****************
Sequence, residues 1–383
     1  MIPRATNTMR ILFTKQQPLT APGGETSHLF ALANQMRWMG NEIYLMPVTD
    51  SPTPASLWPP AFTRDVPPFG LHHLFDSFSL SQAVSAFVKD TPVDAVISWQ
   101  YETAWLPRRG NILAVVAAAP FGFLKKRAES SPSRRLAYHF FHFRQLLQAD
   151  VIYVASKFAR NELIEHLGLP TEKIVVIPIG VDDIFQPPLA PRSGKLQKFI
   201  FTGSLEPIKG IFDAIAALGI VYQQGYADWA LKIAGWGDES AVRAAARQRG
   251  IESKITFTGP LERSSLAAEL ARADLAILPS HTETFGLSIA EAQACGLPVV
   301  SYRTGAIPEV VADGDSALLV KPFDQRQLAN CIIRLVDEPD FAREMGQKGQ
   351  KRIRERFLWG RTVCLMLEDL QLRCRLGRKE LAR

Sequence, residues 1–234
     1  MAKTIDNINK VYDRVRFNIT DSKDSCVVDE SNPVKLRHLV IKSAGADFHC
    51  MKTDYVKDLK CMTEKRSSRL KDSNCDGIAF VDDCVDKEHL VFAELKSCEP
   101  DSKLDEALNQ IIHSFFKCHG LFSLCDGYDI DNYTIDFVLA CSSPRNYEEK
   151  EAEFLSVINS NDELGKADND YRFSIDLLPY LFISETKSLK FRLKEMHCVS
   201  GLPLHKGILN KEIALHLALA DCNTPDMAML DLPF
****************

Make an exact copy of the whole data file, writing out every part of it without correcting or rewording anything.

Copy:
Sequence, residues 1–383
     1  MIPRATNTMR ILFTKQQPLT APGGETSHLF ALANQMRWMG NEIYLMPVTD
    51  SPTPASLWPP AFTRDVPPFG LHHLFDSFSL SQAVSAFVKD TPVDAVISWQ
   101  YETAWLPRRG NILAVVAAAP FGFLKKRAES SPSRRLAYHF FHFRQLLQAD
   151  VIYVASKFAR NELIEHLGLP TEKIVVIPIG VDDIFQPPLA PRSGKLQKFI
   201  FTGSLEPIKG IFDAIAALGI VYQQGYADWA LKIAGWGDES AVRAAARQRG
   251  IESKITFTGP LERSSLAAEL ARADLAILPS HTETFGLSIA EAQACGLPVV
   301  SYRTGAIPEV VADGDSALLV KPFDQRQLAN CIIRLVDEPD FAREMGQKGQ
   351  KRIRERFLWG RTVCLMLEDL QLRCRLGRKE LAR

Sequence, residues 1–234
     1  MAKTIDNINK VYDRVRFNIT DSKDSCVVDE SNPVKLRHLV IKSAGADFHC
    51  MKTDYVKDLK CMTEKRSSRL KDSNCDGIAF VDDCVDKEHL VFAELKSCEP
   101  DSKLDEALNQ IIHSFFKCHG LFSLCDGYDI DNYTIDFVLA CSSPRNYEEK
   151  EAEFLSVINS NDELGKADND YRFSIDLLPY LFISETKSLK FRLKEMHCVS
   201  GLPLHKGILN KEIALHLALA DCNTPDMAML DLPF